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I'm very new to bread-making in general; don't assume I'm necessarily doing anything right.

During my last attempt at making quick (baking-powder-based) flatbread, I was attempting to flatten and knead the dough after having let it rest. What happened was that rather than bending or spreading as one would expect, the dough kept cracking/breaking into pieces here and there.

I have several questions related to this, feel free to answer any/all of them:

(a) What mistakes might have been made ahead of this point, in the recipe or the technique of preparing the dough, to cause this?

(b) On the other hand, what can be done to prevent it from happening in the future?

(c) Given a hunk of dough with this tendency on the table, what can be done to salvage and/or rectify matters? This can be in terms of kneading technique, or adding anything to the dough to make it more cohesive.

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    You don't typically kneed a quickbread (although, I admit, I've never done a flatbread as a quickbread) -- they're typically more cake-like, and kneeding will create gluten which can make them tough. – Joe Sep 13 '10 at 12:13
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    This was an odd variant of a naan recipe that I found in a cheap curry cookbook, and I wanted to try it before I start experimenting with yeast; I've yet to make any kind of yeast bread, and from what I've read it seems to be trickier. More temperature regulation and time in particular, and more needing to know what one is doing in general. – Walter Mundt Sep 13 '10 at 15:31
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    Yeast bread does take longer, but it really isn't trickier. Any normal room temperature will work fine; a lot of the trickier stuff you've seen is to get from good bread to great bread. And there is nothing wrong with good yeast bread, especially if you're used to quickbreads. – derobert Oct 1 '10 at 20:56
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It sounds like it didn't have enough liquid in it. Assuming we are talking about a normal wheat-flour bread dough, I can't think of anything else that would lead to cracking and breaking. Properly hydrated bread dough should be quite moist and elastic, and the only way you can "break" it is to stretch it hard and fast with a pulling motion.

Fixing this situation is hard. You can try to knead more water into it, but it has a tendency to just slip off the surface. Try spreading it out as thin as possible, spraying or rubbing on a little water, folding and kneading and repeating the process.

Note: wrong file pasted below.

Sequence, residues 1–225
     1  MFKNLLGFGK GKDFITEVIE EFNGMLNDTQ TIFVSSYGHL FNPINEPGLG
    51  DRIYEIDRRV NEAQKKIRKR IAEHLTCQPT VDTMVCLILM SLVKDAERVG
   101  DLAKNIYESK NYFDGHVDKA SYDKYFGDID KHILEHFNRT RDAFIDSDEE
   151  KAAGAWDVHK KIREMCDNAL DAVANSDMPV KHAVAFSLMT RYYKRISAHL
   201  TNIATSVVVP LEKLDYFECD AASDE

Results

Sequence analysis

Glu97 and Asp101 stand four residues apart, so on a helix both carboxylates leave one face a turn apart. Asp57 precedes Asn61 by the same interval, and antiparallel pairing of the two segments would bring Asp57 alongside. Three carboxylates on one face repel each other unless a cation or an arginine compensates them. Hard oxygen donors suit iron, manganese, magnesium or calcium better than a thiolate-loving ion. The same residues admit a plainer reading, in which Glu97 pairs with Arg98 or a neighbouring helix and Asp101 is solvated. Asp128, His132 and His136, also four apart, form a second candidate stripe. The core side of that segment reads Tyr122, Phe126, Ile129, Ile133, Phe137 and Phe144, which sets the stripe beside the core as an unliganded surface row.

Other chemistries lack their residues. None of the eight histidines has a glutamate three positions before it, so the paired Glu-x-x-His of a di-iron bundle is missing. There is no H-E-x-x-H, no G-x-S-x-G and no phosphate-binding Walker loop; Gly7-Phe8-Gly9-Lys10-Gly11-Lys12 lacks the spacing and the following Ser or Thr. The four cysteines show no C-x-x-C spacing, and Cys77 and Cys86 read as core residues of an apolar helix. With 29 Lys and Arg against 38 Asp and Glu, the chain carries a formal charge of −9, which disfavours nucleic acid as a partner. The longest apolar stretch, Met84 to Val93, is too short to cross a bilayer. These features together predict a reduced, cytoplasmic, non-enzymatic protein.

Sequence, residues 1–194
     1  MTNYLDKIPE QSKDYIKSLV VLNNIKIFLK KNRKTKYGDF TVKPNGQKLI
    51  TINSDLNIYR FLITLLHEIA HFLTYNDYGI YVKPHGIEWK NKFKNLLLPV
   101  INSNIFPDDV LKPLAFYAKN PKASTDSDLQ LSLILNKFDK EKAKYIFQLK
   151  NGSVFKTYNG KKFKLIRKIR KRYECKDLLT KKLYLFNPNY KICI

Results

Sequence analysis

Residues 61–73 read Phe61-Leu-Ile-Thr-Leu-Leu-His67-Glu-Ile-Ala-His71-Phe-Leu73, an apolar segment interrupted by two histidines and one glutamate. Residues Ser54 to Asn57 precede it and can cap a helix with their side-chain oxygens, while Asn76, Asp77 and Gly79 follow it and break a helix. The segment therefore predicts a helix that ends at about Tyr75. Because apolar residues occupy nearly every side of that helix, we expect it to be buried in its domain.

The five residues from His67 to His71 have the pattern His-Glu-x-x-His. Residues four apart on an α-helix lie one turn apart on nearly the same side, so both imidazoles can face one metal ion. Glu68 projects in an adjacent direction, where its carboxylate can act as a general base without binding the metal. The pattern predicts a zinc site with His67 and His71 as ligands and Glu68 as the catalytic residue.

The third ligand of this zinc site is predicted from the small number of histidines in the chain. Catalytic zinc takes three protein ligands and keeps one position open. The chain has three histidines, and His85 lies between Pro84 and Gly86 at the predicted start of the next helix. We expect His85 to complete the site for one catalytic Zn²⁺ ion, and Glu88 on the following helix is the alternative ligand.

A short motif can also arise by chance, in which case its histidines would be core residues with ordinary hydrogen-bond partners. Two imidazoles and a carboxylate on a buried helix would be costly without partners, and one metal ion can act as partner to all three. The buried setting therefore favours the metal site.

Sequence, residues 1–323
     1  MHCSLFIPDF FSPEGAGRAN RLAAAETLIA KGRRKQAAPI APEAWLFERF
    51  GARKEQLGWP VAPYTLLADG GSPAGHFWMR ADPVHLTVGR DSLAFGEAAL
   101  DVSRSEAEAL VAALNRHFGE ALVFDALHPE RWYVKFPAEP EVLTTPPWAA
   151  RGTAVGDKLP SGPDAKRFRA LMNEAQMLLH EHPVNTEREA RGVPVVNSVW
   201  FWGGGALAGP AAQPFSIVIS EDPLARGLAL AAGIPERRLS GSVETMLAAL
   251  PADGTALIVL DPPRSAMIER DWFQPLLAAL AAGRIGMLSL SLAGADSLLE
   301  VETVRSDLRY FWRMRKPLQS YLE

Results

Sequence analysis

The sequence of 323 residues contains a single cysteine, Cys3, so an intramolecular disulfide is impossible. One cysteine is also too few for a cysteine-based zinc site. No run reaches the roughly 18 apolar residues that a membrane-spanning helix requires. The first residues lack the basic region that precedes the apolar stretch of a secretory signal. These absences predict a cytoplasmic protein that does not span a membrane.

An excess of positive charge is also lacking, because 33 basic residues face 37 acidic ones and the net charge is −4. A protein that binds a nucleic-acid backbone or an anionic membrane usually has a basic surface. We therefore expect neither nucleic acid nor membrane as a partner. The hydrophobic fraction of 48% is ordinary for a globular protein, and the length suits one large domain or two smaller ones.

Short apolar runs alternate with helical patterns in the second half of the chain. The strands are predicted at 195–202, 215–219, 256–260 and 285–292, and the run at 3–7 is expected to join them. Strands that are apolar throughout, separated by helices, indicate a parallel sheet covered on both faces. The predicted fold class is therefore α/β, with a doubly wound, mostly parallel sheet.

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    That's more or less what I ended up doing. I took a bowl of hot water, and coated the surface of the dough with it, particularly the areas that had broken. After kneading a bit the process had to be repeated; a few cycles of this were enough to make the dough workable. – Walter Mundt Sep 13 '10 at 6:27
  • @Michael- I agree it's hard to add water if you are kneading by hand. If you are using a mixer it is much easier it just takes a little bit of time to work in the water and you should have a splash guard for the bowl. – Sobachatina Apr 27 '11 at 20:56
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I've found the easiest way to re-hydrate your dough is to simply keep dipping your hands in warm water as you're kneading until you reach the desired texture. If you hydrate too much and your dough becomes sticky, add more flour again.

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I had that problem and found a adding both oil (just a little and working that in) and water (same) and repeating the process as needed with water only until the dough became more elastic and less resistant. I worked quickly because yeast has a timing issue (as do I!) and it is a challenge for me to get it just right. I managed to do this without overshooting and having to add more flour which I don't like to do. It seemed to do the trick and bread still rose beautifully.

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Cracking is caused by insufficient elasticity, which is usually caused by insufficient moisture.

Adding more moisture into the recipe would almost certainly help you out there.

You can go with a 70% dough hydration for example, utilizing the stretch and fold technique to achieve stability. This would give you bread with large uneven holes in your crumb, like a rustic bread or a ciabatta.

I heartily recommend checking out a book called Flour Water Salt Yeast, by Ken Forkish. He also has a very good book on Pizza, if that's of any interest.

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